Dhundi Saur Urja Utpadak Sahakari Mandali, a newly-formed solar pump cooperative in Kheda district, was Monday given a certificate of appreciation by Chief Minister Anandiben Patel for selling surplus power produced in their farms to the electricity grid.
The Chief Minister was in Anand to inaugurate the 12th edition of Krishi Mahotsav. The cooperative that holds the distinction of being the world’s “first solar irrigation cooperative” was felicitated for providing its members “smart income” from energy sales to a local discom. The solar cooperative was formed in mid-February by bringing together six vegetable farmers in Dhundi.
Each farmer installed a solar irrigation pump in their fields by contributing a partial amount, with International Water Management Institute (IWMI) pitching in the rest. The solar pumps were connected to the power grid of Madhya Gujarat Vij Company Limited (MGVCL), and a 25-year power purchase agreement was signed recently allowing the farmers to sell back the surplus energy at a rate of Rs 4.63 per kWh equivalent of solar energy.
Speaking at the occasion, Tushaar Shah of IWMI said, “We are excited that the government is recognising the potential of the solar irrigation cooperative model and supporting us. This concept will not only benefit the farmers by supplementing their incomes, but will also benefit the environment by incentivising farmers to conserve groundwater and instead sell the surplus power generated. If we solarise India’s 20 million grid-connected electric pumps that farmers currently use to pump groundwater, it would save the country around Rs 60,000 – Rs 70,000 crores of farm power subsidy as well.”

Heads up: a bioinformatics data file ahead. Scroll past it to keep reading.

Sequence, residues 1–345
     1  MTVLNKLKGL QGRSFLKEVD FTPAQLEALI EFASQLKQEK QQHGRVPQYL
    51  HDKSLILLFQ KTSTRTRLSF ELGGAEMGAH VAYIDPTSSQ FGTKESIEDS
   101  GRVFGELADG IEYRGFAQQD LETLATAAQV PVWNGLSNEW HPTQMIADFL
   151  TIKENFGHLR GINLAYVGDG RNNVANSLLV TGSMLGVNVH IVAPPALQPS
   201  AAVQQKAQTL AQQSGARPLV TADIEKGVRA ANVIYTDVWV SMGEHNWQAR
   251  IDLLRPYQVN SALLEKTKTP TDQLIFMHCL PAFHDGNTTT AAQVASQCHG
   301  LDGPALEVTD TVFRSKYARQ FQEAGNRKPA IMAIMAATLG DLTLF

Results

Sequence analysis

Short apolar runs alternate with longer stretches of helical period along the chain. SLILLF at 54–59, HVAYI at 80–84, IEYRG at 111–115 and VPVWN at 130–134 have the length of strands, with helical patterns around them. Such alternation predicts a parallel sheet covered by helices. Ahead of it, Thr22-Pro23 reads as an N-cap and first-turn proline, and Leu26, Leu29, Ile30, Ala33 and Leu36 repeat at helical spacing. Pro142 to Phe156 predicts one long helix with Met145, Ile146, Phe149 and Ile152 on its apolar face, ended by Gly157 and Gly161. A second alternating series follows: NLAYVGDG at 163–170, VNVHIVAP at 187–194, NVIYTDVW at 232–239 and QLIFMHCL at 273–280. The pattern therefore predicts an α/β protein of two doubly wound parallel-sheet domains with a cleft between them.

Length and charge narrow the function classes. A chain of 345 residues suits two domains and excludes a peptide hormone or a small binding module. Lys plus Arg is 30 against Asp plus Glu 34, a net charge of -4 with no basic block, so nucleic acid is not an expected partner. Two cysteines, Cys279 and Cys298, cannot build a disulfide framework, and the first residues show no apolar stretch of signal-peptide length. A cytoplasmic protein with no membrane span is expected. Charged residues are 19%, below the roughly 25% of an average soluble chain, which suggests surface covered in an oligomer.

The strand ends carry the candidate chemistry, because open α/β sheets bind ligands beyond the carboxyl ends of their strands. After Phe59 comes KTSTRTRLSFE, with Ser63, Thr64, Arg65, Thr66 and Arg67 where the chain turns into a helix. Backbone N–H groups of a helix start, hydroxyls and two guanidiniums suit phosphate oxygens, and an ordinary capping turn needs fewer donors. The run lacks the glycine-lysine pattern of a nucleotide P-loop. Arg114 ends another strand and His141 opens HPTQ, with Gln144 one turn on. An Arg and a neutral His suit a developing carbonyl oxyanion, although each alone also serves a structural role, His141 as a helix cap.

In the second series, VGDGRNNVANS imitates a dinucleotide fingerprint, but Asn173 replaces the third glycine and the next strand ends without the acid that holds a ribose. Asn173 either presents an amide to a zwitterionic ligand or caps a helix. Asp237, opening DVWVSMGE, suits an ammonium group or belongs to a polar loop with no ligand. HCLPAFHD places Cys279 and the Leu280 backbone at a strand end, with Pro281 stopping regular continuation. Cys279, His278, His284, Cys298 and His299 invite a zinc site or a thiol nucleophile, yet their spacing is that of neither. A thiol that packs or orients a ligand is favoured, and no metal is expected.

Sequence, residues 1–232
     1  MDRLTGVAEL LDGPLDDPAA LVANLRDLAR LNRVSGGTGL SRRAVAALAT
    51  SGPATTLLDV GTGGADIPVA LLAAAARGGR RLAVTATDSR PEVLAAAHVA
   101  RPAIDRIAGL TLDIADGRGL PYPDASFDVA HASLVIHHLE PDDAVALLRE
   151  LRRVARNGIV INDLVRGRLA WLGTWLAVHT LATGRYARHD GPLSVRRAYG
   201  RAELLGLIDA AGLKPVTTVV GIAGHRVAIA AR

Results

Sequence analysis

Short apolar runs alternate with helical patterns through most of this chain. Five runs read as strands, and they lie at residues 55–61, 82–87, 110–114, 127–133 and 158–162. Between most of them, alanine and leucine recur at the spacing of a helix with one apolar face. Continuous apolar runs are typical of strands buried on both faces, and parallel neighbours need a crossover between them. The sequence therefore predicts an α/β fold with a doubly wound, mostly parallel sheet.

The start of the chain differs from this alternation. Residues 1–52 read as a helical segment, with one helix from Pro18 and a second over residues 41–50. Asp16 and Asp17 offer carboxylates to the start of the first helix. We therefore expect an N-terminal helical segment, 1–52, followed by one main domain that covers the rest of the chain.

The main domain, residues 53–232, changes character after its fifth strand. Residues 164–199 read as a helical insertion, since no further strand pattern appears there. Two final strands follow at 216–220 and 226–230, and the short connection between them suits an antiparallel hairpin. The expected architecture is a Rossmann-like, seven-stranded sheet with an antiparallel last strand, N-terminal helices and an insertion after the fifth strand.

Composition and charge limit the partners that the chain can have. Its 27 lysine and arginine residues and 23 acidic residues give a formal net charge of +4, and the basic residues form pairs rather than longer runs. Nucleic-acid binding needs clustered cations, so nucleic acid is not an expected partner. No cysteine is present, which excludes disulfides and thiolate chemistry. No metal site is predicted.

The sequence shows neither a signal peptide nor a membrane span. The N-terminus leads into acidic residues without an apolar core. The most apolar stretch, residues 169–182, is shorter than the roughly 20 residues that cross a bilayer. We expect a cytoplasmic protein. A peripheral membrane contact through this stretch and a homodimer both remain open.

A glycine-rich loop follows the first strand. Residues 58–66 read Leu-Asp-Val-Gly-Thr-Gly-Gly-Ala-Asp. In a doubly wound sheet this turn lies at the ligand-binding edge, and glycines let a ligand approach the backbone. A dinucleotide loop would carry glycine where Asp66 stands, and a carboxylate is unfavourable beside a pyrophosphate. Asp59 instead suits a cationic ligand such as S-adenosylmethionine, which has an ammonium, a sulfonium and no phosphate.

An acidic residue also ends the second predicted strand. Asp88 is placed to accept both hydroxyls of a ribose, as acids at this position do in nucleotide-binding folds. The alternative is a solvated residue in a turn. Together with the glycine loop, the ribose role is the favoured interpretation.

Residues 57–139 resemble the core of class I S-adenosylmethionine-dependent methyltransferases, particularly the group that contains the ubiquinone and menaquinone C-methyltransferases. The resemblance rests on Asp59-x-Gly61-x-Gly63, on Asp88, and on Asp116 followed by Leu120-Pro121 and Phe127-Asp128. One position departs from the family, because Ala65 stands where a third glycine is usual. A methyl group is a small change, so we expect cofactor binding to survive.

“Once full benefits of the Dhundi pattern of solar irrigation are recognised, we expect that the government and discoms will be willing to replicate it and offer farmers a more remunerative price for their surplus energy sales,” said Shah.
The current installed capacity of the Dhundi solar cooperative is 56.4 kW and the IWMI team plans to expand it to 100 kWp over the next few months.
The idea of Solar Pump Irrigators’ Cooperative Enterprise (SPICE) was developed by the IWMI-Tata Water Policy Research Program (ITP), a partnership between the International Water Management Institute (IWMI), and the Tata Trusts with support from the CGIAR’s Research Program on Climate Change, Agriculture and Food Security (CCAFS).
Last year, IWMI had successfully piloted a single farmer SPaRC (Solar Power as Remunerative Crop) model in Anand district in which a farmer’s solar irrigation pump was connected to the electricity grid, presenting him with the choice to sell the surplus power generated when the fields are not being irrigated.